Editorial Board Member

Andrew A. Gumbs
Departement de Chirurgie Digestive, de Poissy/Saint-Germain-en-Laye, Poissy, France.
Dr. Gumbs has recently moved to France to develop the Department of Surgical Oncology at the Centre Hospitalier Intercommunal Poissy/St. Germaine en Laye in France. Dr. Gumbs was previously Director of the Minimally Invasive Hepatic-Pancreatic-Biliary Surgery Program at Summit Medical Group-MD Anderson Cancer Center in Northern New Jersey and prior to that the Director of Minimally Invasive Hepatobiliary Surgery and at Fox Chase Cancer Center in Philadelphia, Pennsylvania. He has been Instructor of Clinical Surgery at Cornell-Weill Medical College, Instructor of Clinical Surgery at Columbia University College of Physicians and Surgeons, and Assistant Professor of Surgery in the Department of Surgical Oncology at Fox Chase Cancer Center. He has delivered local, regional, national, and international invited presentations primarily devoted to minimally invasive surgical techniques for the liver, pancreas, and digestive organs. His articles have been published in Annals of Surgery, Journal of the American College of Surgeons and the Proceedings of the National Academy of Science. He is a member of the editorial boards for Journal of Gastrointestinal Cancer and Digestive Medicine Research. He is certified in general surgery, hepatic-pancreatic and biliary surgery and in laparoscopic surgery. He has volunteered with Doctors Without Borders, and was the Cofounder and Vice President of the Intercontinental Natural Orifice Endo-Laparoscopic Surgeons (iNOELS), which brought minimally invasive surgery to the developing world. He is the son of a surgeon, and became interested in cancer surgery after his grandmother's death from pancreatic cancer. His other interests include surfing, snowboarding, bicycle riding and playing the electric bass. He also rides a motorcycle when the weather permits.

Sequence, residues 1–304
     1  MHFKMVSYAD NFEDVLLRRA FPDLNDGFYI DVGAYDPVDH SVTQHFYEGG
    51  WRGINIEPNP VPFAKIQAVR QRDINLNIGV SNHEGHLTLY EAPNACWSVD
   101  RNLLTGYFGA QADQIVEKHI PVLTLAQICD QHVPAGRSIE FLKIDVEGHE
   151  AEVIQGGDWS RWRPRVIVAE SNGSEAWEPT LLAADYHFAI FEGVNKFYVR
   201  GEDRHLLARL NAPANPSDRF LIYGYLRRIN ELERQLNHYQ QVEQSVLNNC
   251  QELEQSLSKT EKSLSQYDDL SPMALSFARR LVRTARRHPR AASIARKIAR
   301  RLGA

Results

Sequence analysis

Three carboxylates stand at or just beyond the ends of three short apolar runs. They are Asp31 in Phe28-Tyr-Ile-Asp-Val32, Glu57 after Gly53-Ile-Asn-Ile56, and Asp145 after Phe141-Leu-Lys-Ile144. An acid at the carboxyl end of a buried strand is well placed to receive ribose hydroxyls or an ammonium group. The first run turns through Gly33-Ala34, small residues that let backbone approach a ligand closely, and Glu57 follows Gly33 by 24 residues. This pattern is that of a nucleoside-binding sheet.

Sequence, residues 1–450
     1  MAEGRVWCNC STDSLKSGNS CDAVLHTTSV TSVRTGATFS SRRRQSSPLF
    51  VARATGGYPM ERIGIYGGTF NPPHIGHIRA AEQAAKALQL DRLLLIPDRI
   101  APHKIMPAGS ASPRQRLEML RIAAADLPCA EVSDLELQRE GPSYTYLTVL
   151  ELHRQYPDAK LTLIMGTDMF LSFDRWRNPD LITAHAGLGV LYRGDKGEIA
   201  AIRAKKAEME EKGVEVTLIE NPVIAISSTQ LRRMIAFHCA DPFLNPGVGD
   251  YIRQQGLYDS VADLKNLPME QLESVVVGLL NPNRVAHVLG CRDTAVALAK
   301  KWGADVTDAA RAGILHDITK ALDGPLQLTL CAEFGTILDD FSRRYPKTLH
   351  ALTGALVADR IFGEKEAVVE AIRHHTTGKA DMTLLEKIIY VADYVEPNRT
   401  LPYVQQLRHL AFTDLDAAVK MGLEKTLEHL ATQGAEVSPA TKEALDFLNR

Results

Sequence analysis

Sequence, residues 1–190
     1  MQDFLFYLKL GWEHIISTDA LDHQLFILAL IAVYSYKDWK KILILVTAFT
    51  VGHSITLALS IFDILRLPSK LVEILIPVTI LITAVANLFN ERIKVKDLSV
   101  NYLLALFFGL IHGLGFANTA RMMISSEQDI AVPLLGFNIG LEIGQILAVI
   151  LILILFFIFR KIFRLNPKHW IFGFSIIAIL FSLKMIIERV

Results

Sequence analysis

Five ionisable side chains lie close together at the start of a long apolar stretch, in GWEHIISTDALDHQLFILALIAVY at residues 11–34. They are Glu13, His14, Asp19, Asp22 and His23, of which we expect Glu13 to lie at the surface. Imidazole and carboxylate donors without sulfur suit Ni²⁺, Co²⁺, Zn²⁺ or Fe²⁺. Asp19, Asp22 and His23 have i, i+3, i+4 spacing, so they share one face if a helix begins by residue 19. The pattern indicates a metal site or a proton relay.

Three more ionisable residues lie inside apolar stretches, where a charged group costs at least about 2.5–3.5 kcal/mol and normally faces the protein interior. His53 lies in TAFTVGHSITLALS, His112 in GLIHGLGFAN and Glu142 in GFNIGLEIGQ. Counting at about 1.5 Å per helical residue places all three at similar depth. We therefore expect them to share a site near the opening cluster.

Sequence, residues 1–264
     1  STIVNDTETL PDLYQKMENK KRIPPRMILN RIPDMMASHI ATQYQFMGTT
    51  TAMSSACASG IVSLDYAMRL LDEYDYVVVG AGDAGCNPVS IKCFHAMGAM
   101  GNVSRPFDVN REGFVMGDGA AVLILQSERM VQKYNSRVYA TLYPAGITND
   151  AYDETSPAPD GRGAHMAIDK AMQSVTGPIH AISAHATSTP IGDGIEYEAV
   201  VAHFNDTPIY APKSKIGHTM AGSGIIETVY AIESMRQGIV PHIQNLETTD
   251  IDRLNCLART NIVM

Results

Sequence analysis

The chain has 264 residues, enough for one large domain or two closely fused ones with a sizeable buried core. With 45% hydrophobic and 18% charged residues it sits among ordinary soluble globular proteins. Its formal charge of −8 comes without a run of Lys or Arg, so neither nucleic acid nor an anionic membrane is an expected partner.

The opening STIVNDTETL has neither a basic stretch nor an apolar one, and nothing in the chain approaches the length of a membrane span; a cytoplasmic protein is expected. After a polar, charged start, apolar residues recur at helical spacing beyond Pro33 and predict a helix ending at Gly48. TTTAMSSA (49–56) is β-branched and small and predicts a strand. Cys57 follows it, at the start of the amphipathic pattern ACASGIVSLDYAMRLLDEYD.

Research Interests
hepatic-pancreatic-biliary surgery; robotic surgery

Searching for a better definition of robotic surgery: is it really different from laparoscopy?

Clostridium difficile infection secondary to ileostomy closure

White paper: definitions of artificial intelligence and autonomous actions in clinical surgery

Why Artificial Intelligence Surgery (AIS) is better than current Robotic-Assisted Surgery (RAS)

Surgomics and the Artificial intelligence, Radiomics, Genomics, Oncopathomics and Surgomics (AiRGOS) Project

Scoping review: autonomous endoscopic navigation

White paper: requirements for routine data recording in the operating room

The problem with patient avatars and emotions

Special Issue:

Searching for a Better Definition of Robotic Surgery: Is It Really Different from Laparoscopy?

Computer Vision Applications in Minimally Invasive Surgery

Mini-invasive Surgery
ISSN 2574-1225 (Online)
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